Image: Wellcome Tropical Research Laboratories, Khartoum, c. 1920
In the sciences, many Ph.D.s opt for careers outside of academe. By reading about their experiences, graduate students and postdocs may get a better sense of their options and how to make the transition away from bench science. Here, in the latest of a series of interviews, Vitae columnist Viviane Callier talks with Noël Bakhtian, former senior policy adviser at the White House Office of Science & Technology Policy and former energy-water nexus lead at the U.S. Department of Energy.
Describe your career trajectory. How did you get to where you are now?
Bakhtian: I started as an undergraduate in mechanical engineering and physics at Duke. When I graduated, I was awarded a Churchill Scholarship for a year of study at the University of Cambridge in Britain, where I completed an M.Phil. in engineering doing wind-tunnel research on bird flight for unmanned aerial vehicles. Then I went back to the States and did my master’s and Ph.D. at Stanford in aeronautics and astronautics engineering. I did most of my research out at NASA’s Ames Research Center with its advanced-computing division, coming up with a new entry, descent, and landing technology for Mars missions.
At Stanford, one course in particular ended up really changing my path. It was Professor Windham’s “Science and Technology Policy” class, where we learned the difference between “science for policy” and “policy for science,” talked about the intersections between government and academia, and learned about budgets and international affairs. We also learned about really interesting opportunities in the policy space for engineers. And the rest is history. As I was finishing my Ph.D. in 2012, I applied for a AAAS fellowship that brings STEM Ph.D.s to Washington to work in Congress and in the executive-branch agencies, and I ended up loving it so much that I stayed.
What was your fellowship experience like?
Bakhtian: For my first year, I did a fellowship on the Hill, working in the office of a Senator. That year, there wasn’t actually a lot of demand for space-policy fellows, so I decided to move into the energy and environment world, something that I had always been interested in. I so enjoyed that 30,000-foot view of the E&E sector that, for my second year, I took a position at the Energy department, working in the wind-and-water-power office where I got to focus on innovative funding mechanisms for research and development in renewable energies. I was technical lead on projects like the wave energy prize and the wind energy incubator.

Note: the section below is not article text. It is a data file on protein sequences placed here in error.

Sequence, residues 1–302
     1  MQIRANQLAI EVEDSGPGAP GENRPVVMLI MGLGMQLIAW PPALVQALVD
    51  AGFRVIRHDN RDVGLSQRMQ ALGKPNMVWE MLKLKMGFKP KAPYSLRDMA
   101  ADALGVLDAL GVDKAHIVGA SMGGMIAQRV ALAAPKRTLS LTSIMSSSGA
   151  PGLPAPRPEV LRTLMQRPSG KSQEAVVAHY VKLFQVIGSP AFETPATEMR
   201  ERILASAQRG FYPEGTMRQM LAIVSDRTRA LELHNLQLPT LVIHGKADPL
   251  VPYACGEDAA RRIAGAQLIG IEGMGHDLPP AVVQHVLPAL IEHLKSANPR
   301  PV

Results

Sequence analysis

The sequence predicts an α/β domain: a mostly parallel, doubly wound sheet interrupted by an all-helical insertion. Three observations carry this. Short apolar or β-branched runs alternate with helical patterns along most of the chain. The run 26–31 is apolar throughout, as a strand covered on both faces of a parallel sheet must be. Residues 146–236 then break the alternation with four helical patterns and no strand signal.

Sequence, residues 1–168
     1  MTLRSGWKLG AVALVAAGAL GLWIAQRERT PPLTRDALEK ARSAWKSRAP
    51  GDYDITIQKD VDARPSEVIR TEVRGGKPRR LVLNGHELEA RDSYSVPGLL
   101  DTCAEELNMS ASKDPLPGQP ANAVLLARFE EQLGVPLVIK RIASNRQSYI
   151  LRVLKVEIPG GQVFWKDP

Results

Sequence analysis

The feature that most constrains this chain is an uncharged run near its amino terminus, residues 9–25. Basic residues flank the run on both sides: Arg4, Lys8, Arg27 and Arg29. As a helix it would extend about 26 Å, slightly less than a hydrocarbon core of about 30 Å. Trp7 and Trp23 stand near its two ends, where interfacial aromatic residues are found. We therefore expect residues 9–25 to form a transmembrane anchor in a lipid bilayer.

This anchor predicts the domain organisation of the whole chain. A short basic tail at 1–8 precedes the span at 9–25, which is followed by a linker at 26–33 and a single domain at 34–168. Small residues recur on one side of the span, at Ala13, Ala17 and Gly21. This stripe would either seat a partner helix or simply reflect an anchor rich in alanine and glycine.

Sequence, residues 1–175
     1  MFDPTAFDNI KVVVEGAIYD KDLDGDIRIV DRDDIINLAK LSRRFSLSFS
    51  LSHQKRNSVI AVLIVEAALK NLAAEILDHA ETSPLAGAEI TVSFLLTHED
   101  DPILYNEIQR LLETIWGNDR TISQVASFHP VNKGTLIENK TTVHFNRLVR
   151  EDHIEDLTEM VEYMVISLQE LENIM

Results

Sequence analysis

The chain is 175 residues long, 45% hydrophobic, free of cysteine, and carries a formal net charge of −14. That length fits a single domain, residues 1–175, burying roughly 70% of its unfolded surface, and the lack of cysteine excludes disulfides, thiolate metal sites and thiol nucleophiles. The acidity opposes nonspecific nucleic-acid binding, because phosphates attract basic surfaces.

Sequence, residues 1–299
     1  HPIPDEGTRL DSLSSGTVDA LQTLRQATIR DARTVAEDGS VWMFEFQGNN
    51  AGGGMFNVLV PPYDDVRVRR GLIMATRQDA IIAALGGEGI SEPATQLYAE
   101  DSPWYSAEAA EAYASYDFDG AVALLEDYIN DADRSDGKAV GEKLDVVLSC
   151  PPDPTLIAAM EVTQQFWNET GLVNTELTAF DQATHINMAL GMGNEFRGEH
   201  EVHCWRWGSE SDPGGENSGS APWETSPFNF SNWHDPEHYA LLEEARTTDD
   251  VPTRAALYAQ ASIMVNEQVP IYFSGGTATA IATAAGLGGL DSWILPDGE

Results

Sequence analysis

Then I took a position — still at DOE — in its international-affairs office, where I was asked to start up and manage the department’s portfolio of international projects at the intersection of water and energy policy. It was really an amazing year, being on the front lines, at the beginning stages of major bilateral and multilateral partnerships between the U.S. and partners such as China, Israel, Brazil, the United Arab Emirates, and the European Union.
Then this past year, I got the opportunity to work in the White House Office of Science and Technology Policy to focus on a lot of the same things: the water-energy-food nexus, energy innovation, and also the Arctic.
You did some policy work for the Palo Alto City Council when you were still in graduate school. How does that compare with the policy work you do now in Washington?
Bakhtian: I’ve worked at different levels of government now — at the local level and at the very highest level of federal government at the White House. What I’ve learned is that at the local level, although the decision-making affects a smaller amount of people, you can see the change happening. At the highest levels, the decisions you’re making are broad and can have lasting influence for years across the country and even the world, but it’s harder to point to direct impacts, especially for work involving R&D budgets or science diplomacy.
How does the work you do relate to skills you gained in your graduate studies?